Perkins Coie LLP

Perkins Coie is a leading international law firm that is known for providing high value, strategic solutions and extraordinary client service on matters vital to our clients’ success. With more than 1,100 lawyers in offices across the United States and in Beijing, Shanghai and Taipei, we provide a full array of corporate, commercial litigation, intellectual property and regulatory legal advice to a broad range of clients, including many of the world’s most innovative companies and industry leaders as well as public and not-for-profit organizations.

A city’s ban on short-term vacation rentals in the coastal zone constitutes “development” under the California Coastal Act. Therefore, the Coastal Commission must first approve a coastal development permit, an amendment to the city’s certified local coastal program, or an amendment waiver before such a ban can be imposed. Kracke v. City of Santa Barbara, 63 Cal. App. 5th 1089 (2021). Until 2015, the City of Santa Barbara allowed short-term vacation rentals as long as the owner registered the unit with the city, obtained a business license, and paid transient occupancy taxes. In 2015, the City Council directed its staff…
A court of appeal invalidated a water district’s adopted rate increases, concluding that the district failed to meet its burden under Proposition 218 of establishing that the increases did not exceed the cost of providing the water service. KCSFV I, LLC v. Florin County Water District, No. C088824 (3rd Dist., May 28, 2021). Following a hearing, the Board of Directors of the Florin County Water District voted to increase its water rates by 50 percent. Data presented by staff at the hearing showed that revenues would exceed expenditures in each of the four years following the rate increase, culminating in…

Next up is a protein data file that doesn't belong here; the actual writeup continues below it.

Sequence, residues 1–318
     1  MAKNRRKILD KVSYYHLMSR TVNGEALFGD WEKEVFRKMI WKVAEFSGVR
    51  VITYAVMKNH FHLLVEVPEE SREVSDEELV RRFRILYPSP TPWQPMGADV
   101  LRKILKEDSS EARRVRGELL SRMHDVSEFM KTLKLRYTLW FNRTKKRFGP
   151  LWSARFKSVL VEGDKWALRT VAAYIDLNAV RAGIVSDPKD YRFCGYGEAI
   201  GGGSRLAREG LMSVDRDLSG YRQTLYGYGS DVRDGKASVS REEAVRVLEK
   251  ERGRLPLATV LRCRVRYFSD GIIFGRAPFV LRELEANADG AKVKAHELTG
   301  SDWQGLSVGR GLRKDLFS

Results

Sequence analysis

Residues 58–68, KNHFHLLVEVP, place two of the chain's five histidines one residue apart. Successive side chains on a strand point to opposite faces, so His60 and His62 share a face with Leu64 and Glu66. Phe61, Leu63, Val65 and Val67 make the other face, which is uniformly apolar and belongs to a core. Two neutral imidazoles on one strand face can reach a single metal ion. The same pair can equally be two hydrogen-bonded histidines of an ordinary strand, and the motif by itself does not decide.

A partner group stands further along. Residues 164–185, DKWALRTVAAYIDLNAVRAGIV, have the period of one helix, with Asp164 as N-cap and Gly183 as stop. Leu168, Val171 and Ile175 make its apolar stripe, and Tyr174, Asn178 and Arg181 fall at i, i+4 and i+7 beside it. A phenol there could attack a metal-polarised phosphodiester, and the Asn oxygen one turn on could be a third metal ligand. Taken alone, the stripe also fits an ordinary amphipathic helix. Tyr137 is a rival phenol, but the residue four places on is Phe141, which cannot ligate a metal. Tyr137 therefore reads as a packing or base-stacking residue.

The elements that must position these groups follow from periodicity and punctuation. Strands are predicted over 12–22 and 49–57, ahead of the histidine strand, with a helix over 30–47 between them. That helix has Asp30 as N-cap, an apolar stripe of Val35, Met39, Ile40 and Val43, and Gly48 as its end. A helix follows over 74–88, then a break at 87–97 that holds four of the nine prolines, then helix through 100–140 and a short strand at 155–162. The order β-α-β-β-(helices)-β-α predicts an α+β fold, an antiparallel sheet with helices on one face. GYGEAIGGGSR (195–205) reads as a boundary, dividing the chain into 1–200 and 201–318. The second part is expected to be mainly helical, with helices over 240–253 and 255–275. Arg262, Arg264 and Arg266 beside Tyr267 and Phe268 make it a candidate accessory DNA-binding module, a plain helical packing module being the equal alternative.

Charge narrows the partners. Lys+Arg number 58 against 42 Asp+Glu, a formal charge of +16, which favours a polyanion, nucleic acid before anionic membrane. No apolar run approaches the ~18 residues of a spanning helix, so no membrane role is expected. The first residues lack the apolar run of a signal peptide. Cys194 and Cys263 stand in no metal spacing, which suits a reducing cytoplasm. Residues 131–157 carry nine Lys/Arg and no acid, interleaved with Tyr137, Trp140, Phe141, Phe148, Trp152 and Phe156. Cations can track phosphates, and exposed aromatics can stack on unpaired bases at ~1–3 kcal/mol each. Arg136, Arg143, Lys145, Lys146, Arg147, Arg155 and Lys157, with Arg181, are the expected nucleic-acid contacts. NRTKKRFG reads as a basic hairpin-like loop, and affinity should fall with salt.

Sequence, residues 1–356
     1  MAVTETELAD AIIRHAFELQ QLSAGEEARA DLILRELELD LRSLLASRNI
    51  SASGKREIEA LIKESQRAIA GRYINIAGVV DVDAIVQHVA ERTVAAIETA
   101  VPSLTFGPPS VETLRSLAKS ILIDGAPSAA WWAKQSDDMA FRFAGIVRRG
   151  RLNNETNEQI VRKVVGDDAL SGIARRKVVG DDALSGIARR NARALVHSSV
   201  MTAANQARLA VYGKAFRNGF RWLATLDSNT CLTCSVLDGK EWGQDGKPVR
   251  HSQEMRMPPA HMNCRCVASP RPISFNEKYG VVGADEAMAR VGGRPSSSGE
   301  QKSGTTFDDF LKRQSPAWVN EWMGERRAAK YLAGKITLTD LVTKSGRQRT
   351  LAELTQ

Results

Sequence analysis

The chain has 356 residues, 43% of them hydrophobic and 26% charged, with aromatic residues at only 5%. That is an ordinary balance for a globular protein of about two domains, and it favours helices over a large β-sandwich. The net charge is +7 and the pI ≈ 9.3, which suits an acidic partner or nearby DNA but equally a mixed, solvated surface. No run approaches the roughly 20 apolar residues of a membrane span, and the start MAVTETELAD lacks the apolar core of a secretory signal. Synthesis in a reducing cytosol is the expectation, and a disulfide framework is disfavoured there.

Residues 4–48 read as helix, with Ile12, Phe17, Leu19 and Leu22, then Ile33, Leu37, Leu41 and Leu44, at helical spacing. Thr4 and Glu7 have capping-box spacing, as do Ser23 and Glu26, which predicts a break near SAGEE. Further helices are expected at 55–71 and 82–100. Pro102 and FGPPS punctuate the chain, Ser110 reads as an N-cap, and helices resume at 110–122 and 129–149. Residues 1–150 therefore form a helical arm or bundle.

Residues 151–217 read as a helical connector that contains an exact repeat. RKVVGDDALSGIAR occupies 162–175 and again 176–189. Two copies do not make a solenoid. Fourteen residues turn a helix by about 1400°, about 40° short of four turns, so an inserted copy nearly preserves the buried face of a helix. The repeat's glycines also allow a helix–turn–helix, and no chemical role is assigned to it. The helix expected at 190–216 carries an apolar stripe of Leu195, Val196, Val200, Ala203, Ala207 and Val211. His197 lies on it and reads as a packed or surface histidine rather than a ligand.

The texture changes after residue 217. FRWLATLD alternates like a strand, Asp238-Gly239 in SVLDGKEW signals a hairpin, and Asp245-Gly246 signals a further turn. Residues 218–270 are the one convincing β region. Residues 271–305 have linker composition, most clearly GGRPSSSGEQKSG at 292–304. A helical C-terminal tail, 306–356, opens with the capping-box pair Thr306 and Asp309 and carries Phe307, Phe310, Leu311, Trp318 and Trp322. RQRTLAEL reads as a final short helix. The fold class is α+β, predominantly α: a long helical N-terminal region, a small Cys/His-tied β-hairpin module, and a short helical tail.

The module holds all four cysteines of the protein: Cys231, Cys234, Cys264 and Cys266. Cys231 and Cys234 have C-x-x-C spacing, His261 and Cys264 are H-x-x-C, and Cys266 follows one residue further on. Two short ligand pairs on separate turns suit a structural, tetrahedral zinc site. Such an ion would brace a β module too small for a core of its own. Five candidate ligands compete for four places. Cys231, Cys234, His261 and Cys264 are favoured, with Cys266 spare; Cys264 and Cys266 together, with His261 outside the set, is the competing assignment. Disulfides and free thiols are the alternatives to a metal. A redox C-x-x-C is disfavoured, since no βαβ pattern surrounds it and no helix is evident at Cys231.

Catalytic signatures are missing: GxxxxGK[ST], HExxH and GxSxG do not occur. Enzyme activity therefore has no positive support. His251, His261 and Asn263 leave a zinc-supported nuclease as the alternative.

In March 2020, as part of a series of emergency measures in response to the COVID-19 pandemic, Governor Newsom signed Executive Order N-29-20, allowing local and state agencies to hold virtual meetings via teleconference and to make meetings accessible electronically notwithstanding the open meeting laws in the Bagley-Keene Act and the Brown Act. These provisions were due to expire on June 15, 2020. On June 2, 2021, in response to a written request by a coalition of local government agencies, the Governor announced that N-29-20 will not terminate on June 15, and that state and local agencies can continue to…
California Governor Gavin Newsom recently signed legislation, Senate Bill No. 7, that reenacts a streamlined litigation process for certain “environmental leadership development projects” and extends eligibility to additional housing projects. Previous legislation offering similar benefits to a narrower range of developments expired on January 1. To qualify for judicial streamlining under SB 7, a project must meet the following criteria: The project is for residential, retail, commercial, sports, cultural, entertainment, or recreational uses. The project is located on an infill site. For residential projects, at least 15 percent of units are set aside for lower-income households. For non-residential projects, the…
Plaintiff’s Brown Act claims were barred because unreasonable delay in prosecuting the lawsuit substantially prejudiced parties and the general public. Julian Volunteer Fire Company Association v. Julian-Cuyamaca Fire Protection District, No. D076639 (4th Dist., March 30, 2021). The Julian-Cuyamaca Fire Protection District requested the San Diego Local Agency Formation Commission to dissolve the District and have the County of San Diego assume fire prevention services in the area. Two weeks later, the Julian Volunteer Fire Company Association sued, alleging the District had violated the open meeting laws of the Brown Act in its approval of the resolution requesting dissolution. While…